Wednesday, 6 July 2016

Hounded to death: the last years of T. E. Shaw. 18. Clouds Hill Cottage

Clouds Hill
photos: top: Clive Nicholson
rest: Brian Robert Marshall (2nd)
(click to enlarge)
In dream symbology, a house is said to represent the self. What could be more fitting to Shaw's temperament than Clouds Hill Cottage in Dorset? With only window on the ground floor, and that at the back of the house it would seem to be ideal for an introvert who was constantly hounded by the press. The late Georgian cottage had been a gamekeeper's cottage on an estate and the lack of windows (originally five) is easy to explain: at the time of its construction there was a "window tax" and the lowest tier of that tax was fixed at six windows. He did add some extra windows: the skylight and the small porthole

He found the cottage for rent at half a crown a week in September of 1923, and shortly afterwards wrote to R. V. Buxton with regard to a marketing plan for Seven Pillars of Wisdom to which he added the following note:
"If the idea comes off I want to wangle enough to fill up my overdraft. It worries me rather, and yet is magnificent: for it has enabled me to take a ruined cottage in a wood near camp, and this I'm fitting up with the hope of having a warm solitary place to hide in sometimes on winter evenings. This district is unusually desolate (of good company) and I covet the idea of being sometimes by myself near a fire."
In 1927, he described the cottage to D. G. Hogarth:
"You never saw Clouds Hill, I think? A tiny brick cottage, with old tiled roof, very high pitched. It stands in a thicket of laurel and rhododendron, with oak trees and a huge ilex stretching arms over its roof. Damp? Yes; for the cottage dates from pre-damp-course days, and the trees drip great rain-drops on the roof for hours after each storm. They patter across the tiles like the first notes of the Vth Symphony. Only two rooms, the upstairs, of the cottage, are habitable. They have three-foot walls, and nine-foot roofs, all open. A great deal of oak and chestnut on show: but my repairs to the roof had to be in deal, which we creosoted to bring it to an ancient colour. My gold Meccan dagger paid the repair-bill, and left something over for furniture."
It was expressive of his character, and not just because of his shortage of money that his furnishing and supplying of the cottage was spartan. He allowed himself only four tea cups (which he made himself) and did not decorate the place with more than a single picture (see below). The National Trust now takes care of the property, and for commercial reasons has cluttered it up with many pictures and possibly other knick-knacks so that no one will get any idea of its original ambiance when Shaw called it home.

Writing to his mother on the 25th September, 1933, he includes:

"I was there yesterday, for the evening, and lit its first fire in the book-room. No smoke, and little smell of smoke upstairs: while the draught seemed plenty. In fact it burned very brightly, and I enjoyed it for the night was wet, like my clothes.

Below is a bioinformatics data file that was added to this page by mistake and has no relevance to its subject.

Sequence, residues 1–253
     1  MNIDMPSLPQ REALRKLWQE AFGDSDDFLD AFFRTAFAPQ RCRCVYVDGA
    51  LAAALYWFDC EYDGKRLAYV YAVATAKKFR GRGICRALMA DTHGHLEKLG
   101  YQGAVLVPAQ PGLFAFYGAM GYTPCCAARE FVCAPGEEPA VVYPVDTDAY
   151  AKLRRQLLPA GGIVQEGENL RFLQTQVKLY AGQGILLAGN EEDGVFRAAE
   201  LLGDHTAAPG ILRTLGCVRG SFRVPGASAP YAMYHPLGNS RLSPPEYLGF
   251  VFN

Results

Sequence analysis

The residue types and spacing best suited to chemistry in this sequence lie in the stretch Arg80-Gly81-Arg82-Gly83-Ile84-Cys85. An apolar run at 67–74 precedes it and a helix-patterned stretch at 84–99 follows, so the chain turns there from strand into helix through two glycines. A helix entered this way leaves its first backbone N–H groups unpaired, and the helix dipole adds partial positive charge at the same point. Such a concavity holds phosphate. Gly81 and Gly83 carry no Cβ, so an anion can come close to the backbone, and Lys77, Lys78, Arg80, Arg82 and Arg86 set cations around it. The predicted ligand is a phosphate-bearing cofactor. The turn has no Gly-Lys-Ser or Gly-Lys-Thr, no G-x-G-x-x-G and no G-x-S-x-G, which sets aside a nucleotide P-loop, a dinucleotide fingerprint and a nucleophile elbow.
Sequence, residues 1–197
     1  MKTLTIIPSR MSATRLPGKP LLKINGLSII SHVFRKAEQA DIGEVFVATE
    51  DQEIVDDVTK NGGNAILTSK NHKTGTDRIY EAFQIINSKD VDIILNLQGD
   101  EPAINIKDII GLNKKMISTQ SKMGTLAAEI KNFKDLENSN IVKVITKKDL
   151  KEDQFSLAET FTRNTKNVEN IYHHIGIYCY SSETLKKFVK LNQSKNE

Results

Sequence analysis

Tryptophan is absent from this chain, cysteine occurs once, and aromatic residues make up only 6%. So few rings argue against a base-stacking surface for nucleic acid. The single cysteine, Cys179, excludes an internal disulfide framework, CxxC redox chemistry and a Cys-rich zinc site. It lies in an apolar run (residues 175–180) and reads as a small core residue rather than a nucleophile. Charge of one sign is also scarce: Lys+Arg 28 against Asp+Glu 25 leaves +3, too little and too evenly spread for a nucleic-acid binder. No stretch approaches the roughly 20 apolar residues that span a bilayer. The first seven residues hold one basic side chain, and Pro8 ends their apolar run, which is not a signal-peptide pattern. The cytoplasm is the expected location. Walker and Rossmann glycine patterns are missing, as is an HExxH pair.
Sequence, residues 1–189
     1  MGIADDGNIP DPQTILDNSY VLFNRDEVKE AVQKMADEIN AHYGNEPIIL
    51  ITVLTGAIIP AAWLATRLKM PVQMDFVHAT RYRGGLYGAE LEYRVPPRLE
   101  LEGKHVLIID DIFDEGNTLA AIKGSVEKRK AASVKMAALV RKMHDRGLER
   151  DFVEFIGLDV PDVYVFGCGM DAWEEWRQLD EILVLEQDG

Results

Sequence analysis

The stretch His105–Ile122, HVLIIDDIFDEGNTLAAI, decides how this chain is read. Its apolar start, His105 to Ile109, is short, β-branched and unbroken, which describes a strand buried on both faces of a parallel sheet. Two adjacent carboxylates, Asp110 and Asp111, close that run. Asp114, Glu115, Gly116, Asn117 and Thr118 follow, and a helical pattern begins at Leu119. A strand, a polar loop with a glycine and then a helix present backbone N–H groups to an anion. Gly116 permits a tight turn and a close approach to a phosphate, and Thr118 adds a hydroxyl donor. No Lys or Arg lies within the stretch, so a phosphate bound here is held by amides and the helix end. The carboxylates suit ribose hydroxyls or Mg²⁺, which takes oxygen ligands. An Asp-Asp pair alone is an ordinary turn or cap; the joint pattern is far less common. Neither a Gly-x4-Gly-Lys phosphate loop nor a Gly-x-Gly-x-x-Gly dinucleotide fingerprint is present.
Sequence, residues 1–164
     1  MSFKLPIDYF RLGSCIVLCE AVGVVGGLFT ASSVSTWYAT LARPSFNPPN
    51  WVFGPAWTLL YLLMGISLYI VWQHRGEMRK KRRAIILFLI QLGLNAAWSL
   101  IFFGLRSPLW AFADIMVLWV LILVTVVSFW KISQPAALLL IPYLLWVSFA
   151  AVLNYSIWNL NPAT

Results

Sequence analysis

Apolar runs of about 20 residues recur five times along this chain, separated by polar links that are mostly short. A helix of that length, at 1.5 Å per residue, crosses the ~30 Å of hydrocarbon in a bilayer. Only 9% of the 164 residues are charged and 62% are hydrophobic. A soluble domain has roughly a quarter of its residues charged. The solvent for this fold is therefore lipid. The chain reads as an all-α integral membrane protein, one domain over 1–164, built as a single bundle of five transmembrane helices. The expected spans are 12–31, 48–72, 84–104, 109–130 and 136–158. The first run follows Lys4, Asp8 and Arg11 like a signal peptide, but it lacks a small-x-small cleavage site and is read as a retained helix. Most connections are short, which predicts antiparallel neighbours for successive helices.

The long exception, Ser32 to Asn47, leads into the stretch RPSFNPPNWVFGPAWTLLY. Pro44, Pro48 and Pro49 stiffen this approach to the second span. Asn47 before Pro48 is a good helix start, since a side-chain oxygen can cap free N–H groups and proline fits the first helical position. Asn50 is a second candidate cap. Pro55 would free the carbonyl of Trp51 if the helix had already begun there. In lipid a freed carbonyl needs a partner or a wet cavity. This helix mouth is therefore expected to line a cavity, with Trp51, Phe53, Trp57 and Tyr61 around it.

"Not much progress in the public works. The ram is not yet satisfactory, but is being improved. The heating apparatus is at last definitely ordered. Upstairs is due for its second anti-wood-worm poisoning, and all stripped bare for the operation. The bath-room is not yet cemented-round, and the bath waits in the garage for the boiler to be first installed.
"The book-room is all finished except for its fender, which I have not yet designed. My books fill one of the two shelved walls: the one on which the dishes used to sit. The opposite wall waits with empty shelves. Only a remnant of my books have survived their ten year exile: but all the Kelmscotts are present in good order.
"That Odyssey from China, by the way, never arrived! The book-room window has two fixed side-panes, cemented into the stone frame, and a pivoting centre-pane, in a stainless steel frame. That gives enough light and air to suit me. The other furniture is the window-seat, an affair six feet each way, built up of Bob's former bed and a big box-spring mattress: very comfortable and useful. I propose to move Mrs. Hardy's little stool down there, as a table; and the fender will complete it. What used to be the bed-room, upstairs, I am turning into a work-room, to hold a table and papers and ink and food and probably the gramophone and my clothes. That will make the upstairs sitting room big enough to walk about in."
Guests at his cottage had to share his spartan living. He did not host lavish dinner parties. In A Touch of Genius, Brown/Cave quotes E. M. Forster from a radio broadcast of 1938: '...There were not fixed hours for meals,  no tablecloth and no-one sat down. If you felt hungry you opened a tin and drifted about with it.'

There was one very dramatic and highly significant event that did take place at Clouds Hill, and that will be the subject of tomorrow's post.


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2 comments:

  1. What a quaint cottage!
    His desire for peace and quiet reminded me of the Simon and Garfundel song ' I Am a Rock'. Shaw thought of his cottage as somewhere "I've my books and my poetry to protect me". Also, as a safe place where people would not bother him: " I built walls , a fortess steep and mighty, that none may penetrate".
    Looking forward to other blogs.



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    1. Interesting comparison Tannis!

      Best,

      John

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